Canterbury is an historic English cathedral city in South East England. It lies on the River Stour. The Canterbury area has been inhabited since prehistoric times. In the 1st century AD, the Romans captured the settlement, and named it Durovernum Cantiacorum, meaning "stronghold of the Cantiaci by the alder grove". The Romans rebuilt the city, with new streets in a grid pattern, a theatre, a temple, a forum and public baths. In the late 3rd century, to defend against attack from barbarians, the Romans built around the city an earth bank and a wall with seven gates, which enclosed an area of 130 acres. Canterbury did not resist William the Conqueror's invasion in 1066 and William immediately ordered a wooden motte-and-bailey castle to be built by the Roman city wall. In the early 12th century, the castle was rebuilt with stone. After the murder of Archbishop Thomas Becket at the cathedral in 1170, Canterbury became one of the most notable towns in Europe, as pilgrims from all parts of Christendom came to visit his shrine. This pilgrimage provided the framework for Geoffrey Chaucer's 14th-century collection of stories, The Canterbury Tales. By 1770, the castle had fallen into disrepair, and many parts of it were demolished during the late 18th century and early 19th century. In 1787 all the gates in the city wall, except for Westgate – the city jail – were demolished as a result of a commission that found them impeding to new coach travel. The Canterbury and Whitstable Railway, the world's first passenger railway, was opened in 1830. The biggest expansion of the city occurred in the 1960s, with the arrival of the University of Kent at Canterbury and Christ Church College
Canterbury City FC was founded in 1947 and spent a long association with the Kent and Southern Football Leagues. However, archaic evidence suggests a team of the same name existed in the mid-19th century, though the modern team did not claim lineage. Originally Canterbury played in the Kent League from 1947 to 1959. In their first season they made it to the semi-finals of the Kent League Cup where they lost 2-0 away at Margate. They joined the Metropolitan League for the 1959–60 season where they finished third. This was enough to win promotion to the Southern League Division 1 where they soon consolidated. The 1960s saw some good FA Cup runs for Canterbury as they twice made it through to the 1st round proper. In 1964–65 they hosted Torquay United at home but lost 6–0 in front of a record 3,001 attendance and in 1968–69 they gave Swindon Town a tough battle before eventually going down by a narrow 1–0 scoreline. They also achieved their highest position in English football by finishing seventh in the 1965–66 Southern League Division 1 campaign. In 1971 Division 1 was renamed the Southern Division as Canterbury remained a regular name in the division. Canterbury City play their home matches at Kingsmead Stadium, which was built on top of a rubbish dump site. It opened for football on 30 August 1958 and was also used as an athletics track.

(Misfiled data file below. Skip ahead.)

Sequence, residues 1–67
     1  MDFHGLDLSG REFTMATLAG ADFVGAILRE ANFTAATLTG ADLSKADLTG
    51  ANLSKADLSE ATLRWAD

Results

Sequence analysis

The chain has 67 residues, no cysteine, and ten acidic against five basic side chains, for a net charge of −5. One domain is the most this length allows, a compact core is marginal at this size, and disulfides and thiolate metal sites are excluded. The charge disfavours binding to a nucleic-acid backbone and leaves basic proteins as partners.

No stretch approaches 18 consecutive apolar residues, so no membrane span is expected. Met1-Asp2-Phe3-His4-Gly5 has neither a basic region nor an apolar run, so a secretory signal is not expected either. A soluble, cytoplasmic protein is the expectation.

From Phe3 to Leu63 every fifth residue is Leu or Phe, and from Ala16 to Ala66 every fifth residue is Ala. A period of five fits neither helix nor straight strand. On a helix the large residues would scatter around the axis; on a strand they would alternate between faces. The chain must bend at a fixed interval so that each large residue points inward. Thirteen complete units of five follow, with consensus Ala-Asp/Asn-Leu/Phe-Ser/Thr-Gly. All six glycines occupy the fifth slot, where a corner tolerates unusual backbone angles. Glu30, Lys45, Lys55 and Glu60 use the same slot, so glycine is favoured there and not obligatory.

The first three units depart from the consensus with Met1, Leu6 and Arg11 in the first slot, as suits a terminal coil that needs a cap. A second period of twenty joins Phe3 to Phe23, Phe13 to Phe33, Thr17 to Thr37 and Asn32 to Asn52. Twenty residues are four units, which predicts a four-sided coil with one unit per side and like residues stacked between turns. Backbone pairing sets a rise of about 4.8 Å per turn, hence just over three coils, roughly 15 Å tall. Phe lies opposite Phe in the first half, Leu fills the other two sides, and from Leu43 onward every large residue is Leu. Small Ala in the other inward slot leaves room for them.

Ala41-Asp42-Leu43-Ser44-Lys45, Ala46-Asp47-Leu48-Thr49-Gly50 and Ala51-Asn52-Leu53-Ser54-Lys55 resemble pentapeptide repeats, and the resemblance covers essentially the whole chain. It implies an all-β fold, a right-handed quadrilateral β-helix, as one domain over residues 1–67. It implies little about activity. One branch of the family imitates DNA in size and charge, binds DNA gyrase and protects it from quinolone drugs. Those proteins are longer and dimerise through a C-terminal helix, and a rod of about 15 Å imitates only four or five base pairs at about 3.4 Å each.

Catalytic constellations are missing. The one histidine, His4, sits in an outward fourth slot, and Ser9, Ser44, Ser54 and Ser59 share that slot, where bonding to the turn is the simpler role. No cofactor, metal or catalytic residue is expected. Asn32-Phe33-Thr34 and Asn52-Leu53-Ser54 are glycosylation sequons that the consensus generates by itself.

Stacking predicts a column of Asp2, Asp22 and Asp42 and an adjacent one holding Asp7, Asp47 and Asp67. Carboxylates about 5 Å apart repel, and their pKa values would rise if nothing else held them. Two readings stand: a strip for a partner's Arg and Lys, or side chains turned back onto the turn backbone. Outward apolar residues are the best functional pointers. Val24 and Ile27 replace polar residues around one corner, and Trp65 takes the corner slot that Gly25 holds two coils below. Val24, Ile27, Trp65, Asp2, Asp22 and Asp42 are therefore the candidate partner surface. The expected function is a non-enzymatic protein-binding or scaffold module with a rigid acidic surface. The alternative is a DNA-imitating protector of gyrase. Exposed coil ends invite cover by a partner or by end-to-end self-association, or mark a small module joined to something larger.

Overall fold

Tottenham Hotspur: Ian Walker, Brian Statham, David McDonald, Andy Polston, David Howells (Neil Smith 46), David Tuttle, Scott Houghton, Peter Garland (Darren Caskey 82), Paul Moran (Lee Hodges 74), Ollie Morah (Neil Young 85), Mark Robson.
Goals: 0-1 Morah 4 mins, 0-2 Houghton 27, 0-3 Garland 40, 0-4 Polston 62, 1-4 Tuttle own goal 79, 1-5 Hodges 90.